The Horace C. Starr house in Elyria, OH at first glance seems like a typical symmetrical plan villa of the 1850s. Built by Starr in 1857, it is currently the home of the Lorraine County History Center. It has the typical features of an early Italianate house: stucco siding, cupola, paired brackets dividing the bays, and simple Renaissance detailing around the windows. The use of triangular, straight, and curved pediment hood moldings are often found in villas of this periodand hearkens back to Palladian and Renaissance precedents.. What is unique are the eccentric brackets. The brackets are pierced and instead of conforming to the expected design of brackets, they are formed by a large s-curve that includes several spirals emerging from the form and complicating the design. The ends of the brackets are capped by a finial. These transform an otherwise simple house into a truly interesting piece of design. There are a few houses in Ohio that seem to have these types of open spiral brackets, so it seems to be a vernacular element peculiar to Ohio and perhaps some local carpenter.



Monday, January 13, 2014

The Susan Sturges House, Mansfield, OH

The Susan Sturges House, Mansfield, OH. 1880 Photo: Wikimedia
The Susan Sturges House (NRHP) in Mansfield is located at 317 Park Ave. in Mansfield and was occupied by Sturges, an important local philanthropist. It is a late wooden Italianate from c. 1880, but the home appears to embody the style of the 1860s and 70s rather than the stripped down version of Italianate seen in the 80s. The house follows the rotated side tower plan with a long bay on the left side of the front and a short bay on the right side, giving the front an asymmetrical appearance. The two story front porch, an unusual feature, may be a later addition to the house; it certainly suggests more southern precedents. If it is later, it was designed to harmonize in a simplified form with the more elaborate side porch seen in the back. The house has simple eared, pedimented window surrounds that suggest Greek Revival style, but these are enlivened by keystones with incised Eastlake carving. The brackets are simple s-curve types, and the cornice includes elliptical panels and windows, a feature commonly seen in earlier decades. The feature I like most about the house is the fantastic wooden awning highlighted in the photograph below. Unlike the commonly seen forms with a half hip roof that slopes, this one has a triangular gable the curves and is enlivened by wooden gingerbread. This is a truly delightful feature!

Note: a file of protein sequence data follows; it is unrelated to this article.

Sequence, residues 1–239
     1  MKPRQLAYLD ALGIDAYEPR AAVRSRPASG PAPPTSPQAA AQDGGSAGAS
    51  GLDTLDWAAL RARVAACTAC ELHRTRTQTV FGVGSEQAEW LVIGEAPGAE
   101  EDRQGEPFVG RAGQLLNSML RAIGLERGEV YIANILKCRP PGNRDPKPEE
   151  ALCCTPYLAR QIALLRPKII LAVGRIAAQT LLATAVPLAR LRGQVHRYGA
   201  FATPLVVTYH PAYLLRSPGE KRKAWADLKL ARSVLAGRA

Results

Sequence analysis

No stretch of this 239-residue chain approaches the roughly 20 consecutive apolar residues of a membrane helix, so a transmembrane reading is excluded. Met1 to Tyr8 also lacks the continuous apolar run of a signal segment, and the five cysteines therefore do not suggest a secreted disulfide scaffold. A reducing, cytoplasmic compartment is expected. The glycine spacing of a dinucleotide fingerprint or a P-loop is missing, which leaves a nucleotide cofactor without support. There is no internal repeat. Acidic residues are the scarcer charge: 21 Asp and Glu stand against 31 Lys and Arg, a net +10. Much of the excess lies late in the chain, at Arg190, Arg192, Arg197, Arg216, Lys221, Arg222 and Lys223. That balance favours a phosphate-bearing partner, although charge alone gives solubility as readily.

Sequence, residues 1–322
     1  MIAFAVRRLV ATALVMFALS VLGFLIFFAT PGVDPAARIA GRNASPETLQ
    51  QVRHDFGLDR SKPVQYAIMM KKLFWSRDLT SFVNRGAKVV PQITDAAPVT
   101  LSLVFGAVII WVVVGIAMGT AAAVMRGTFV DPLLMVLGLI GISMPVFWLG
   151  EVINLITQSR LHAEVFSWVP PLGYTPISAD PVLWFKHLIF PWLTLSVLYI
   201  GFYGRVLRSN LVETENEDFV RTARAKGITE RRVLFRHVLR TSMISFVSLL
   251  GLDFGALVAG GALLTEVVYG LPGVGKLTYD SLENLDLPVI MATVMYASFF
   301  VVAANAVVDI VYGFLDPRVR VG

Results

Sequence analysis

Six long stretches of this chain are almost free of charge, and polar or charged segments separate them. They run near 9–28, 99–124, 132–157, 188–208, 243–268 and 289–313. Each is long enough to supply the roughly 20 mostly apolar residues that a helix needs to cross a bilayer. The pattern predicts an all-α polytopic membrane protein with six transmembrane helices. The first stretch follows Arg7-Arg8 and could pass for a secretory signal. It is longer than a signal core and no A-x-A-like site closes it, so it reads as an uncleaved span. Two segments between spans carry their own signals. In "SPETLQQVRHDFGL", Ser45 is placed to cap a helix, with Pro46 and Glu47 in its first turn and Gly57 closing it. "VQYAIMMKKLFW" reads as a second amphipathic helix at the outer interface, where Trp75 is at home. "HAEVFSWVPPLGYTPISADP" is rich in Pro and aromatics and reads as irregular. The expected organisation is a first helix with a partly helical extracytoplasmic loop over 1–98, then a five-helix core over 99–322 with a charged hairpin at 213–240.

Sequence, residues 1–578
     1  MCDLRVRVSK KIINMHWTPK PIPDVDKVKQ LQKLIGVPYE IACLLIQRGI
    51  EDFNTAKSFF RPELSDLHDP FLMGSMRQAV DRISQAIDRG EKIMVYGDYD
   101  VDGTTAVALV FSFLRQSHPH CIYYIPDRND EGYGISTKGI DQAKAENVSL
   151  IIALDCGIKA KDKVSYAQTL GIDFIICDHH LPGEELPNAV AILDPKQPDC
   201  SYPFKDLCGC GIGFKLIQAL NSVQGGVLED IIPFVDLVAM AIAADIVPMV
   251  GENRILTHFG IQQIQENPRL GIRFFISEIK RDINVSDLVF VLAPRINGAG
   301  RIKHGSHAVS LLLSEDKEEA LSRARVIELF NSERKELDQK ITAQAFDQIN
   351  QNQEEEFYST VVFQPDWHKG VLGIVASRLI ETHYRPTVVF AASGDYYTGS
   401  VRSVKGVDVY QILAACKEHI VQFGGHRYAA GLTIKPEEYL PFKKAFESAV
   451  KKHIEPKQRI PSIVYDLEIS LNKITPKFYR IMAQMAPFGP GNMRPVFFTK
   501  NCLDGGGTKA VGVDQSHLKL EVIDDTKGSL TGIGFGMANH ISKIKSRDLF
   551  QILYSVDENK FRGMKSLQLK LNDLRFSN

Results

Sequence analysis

Saturday, January 11, 2014

The John Foos House, Springfield, OH

The John Foos House, Springfield, OH. 1870 Photo: Wikimedia
The John Foos house at 810 is perhaps the most imposing Italianate in the East High Street Historic District. The house follows the symmetrical plan with a projecting central bay and is across the street from the Rinehart-Bowman house to which it bears a resemblance. It was built by John Foos in 1870, making it contemporary with the other houses in the area. Foos was one of Springfield's most important and diverse manufacturers, running mills and making sewing machines and agricultural equipment. The house's pretensions match Foos' wealth. It is faced in limestone and the facade is defined by a strong belt course molding and engaged pilasters at the corners. Everywhere the house has thick Renaissance detail embellished with carving, a level of elaboration characteristic of the 1870s. As in the Rinehart-Bowman house, the first floor windows are segmentally arched while those above are rectangular with Eastlake incosed carving. The surrounds have heavy molding, pilasters, columns, and brackets. The pilasters and the porch columns are broken up with horizontal bands; again, this level of elaboration and the complexity of the column with all those extra moldings are very 1870s. I personally like that the facade's plain stone sets off the elaboration around the windows. The porch itself features an impressive stone balustrade rather than the expected iron.

The cornice is paneled, featuring s curve brackets and is broken by windows. The central bay is particularly emphasized by a broken pediment with a central urn and jigsaw foliage carvings. This broken pediment is similar to that found in the Kies House in Cleveland. The painting of the cornice to resemble darker brownstone is appropriate to Victorian color schemes. Perhaps the most unique feature of the house is the second door on the left side, which is particularly odd. I am not sure why a second door was included on the front, but it might have led to Foos' office. At any rate, it is an unexpected feature. Also, the front of the house has a patio running the entire front facade with an iron fence surrounding it. With so many original and interesting details, the Foos house is one of the most impressive specimens in Springfield.